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125cc - End of an era

A surprising statistic is that only three men have ever gone on to win the premier-class crown after winning the 125cc world championship - Phil Read, Alex Criville and Valentino Rossi.
By Mark Birkett

Last Sunday's Valencia season finale also saw the final 125cc grand prix race, ever.

The class has been ever-present since the inception of the grand prix world championship in 1949. But in 2012 it will be replaced by 250cc -stroke machines and relabelled 'Moto3'.

Over the years the 125cc class has become known for its close racing, and its ability to provide the best young riders with a chance to showcase their talents to the world.

Indeed, most MotoGP riders cut their teeth on the screaming two-stroke machines, most while they were young teenagers. Of the 2011 MotoGP riders, Rossi, Capirossi, Pedrosa, Dovizioso and Bautista all won the 125cc world championship during their ascension to the premier-class.

A somewhat surprising statistic however is that only three men have ever gone on to win the premier-class crown after winning the 125cc world championship - Phil Read, Alex Criville and Valentino Rossi.

The most successful 125cc rider of all time is of course Angel Nieto, who won a staggering seven 125cc world titles, closely followed by Carlo Ubbiali who won six during the 1950s.

Italy and Spain have been the two most successful countries for producing 125cc world champions, with 23 and 15 world titles respectively.

Two more 125cc world champions of note are Jorge Martinez 'Aspar' and Fausto Gresini, who are still prominent in the paddock as MotoGP team leaders.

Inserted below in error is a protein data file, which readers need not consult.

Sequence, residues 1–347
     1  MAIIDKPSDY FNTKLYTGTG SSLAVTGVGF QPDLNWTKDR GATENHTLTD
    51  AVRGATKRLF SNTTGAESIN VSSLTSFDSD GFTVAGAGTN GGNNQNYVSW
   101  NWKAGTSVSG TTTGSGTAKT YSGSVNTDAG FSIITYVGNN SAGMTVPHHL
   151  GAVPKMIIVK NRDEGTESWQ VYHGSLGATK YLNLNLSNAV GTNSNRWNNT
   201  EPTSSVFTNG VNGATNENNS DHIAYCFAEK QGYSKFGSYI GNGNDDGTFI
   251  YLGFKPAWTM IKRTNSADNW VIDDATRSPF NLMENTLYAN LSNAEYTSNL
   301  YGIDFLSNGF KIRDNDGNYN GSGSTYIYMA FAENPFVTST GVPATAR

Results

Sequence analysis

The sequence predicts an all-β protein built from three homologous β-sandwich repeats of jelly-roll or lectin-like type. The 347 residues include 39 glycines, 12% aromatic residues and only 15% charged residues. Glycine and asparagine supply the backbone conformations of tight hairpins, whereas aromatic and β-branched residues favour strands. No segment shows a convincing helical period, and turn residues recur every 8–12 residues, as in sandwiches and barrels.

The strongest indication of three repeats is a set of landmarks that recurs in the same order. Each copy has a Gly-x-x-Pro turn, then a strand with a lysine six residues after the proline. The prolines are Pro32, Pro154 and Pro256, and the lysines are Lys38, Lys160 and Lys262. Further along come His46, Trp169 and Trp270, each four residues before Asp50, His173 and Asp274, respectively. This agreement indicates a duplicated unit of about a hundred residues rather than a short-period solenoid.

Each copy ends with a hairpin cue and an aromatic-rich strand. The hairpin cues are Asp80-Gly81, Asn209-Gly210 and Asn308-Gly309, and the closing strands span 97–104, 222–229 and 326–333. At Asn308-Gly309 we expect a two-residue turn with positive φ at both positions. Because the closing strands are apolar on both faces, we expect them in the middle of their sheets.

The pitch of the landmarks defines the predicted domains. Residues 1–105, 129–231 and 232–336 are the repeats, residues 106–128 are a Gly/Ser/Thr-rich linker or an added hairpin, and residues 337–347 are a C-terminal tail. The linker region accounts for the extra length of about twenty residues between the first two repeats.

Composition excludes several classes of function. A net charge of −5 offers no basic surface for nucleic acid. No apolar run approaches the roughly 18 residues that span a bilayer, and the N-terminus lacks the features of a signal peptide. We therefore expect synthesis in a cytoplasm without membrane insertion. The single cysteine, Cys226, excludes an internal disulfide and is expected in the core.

In fact, last Sunday saw Nico Terol finally crowned world champion riding an 'Aspar Aprilia', after a tense season-long battle with Johann Zarco (Ajo Derbi). His championship victory was assured when Zarco fell during the early stages of the race.

This championship victory seals the Aprilia/Aspar partnership as the dominant force in 125cc racing over the last decade. Terol has announced he will be competing in Moto2 next year for Aspar.

Moto3 will be an interesting prospect on paper, involving four-stroke motorcycles - more in-line with what the factories sell to the public - but also a determined effort to limit costs and ensure a more level playing field in terms of access to machinery.

Let us hope it provides many of the same thrills and exciting racing that the 125cc formula has over the past 63 years.




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Terol leads start, 125, Catalunya MotoGP 2011
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borat - Unregistered

November 16, 2011 2:37 PM

"Good riddance! The world has to move on, you can't have 2 strokes forever." Actually, you could if the mainstream manufacturers (the big one beginning with H in particular) bothered with clean 2-stroke technology rather than put all their eggs in the four stoke basket. A quick search on the net will show you how far the technology has come over the last few years. 4 strokes are way too expensive to develop and build in a racing sense, this is why the MGP has shrunk over the years.



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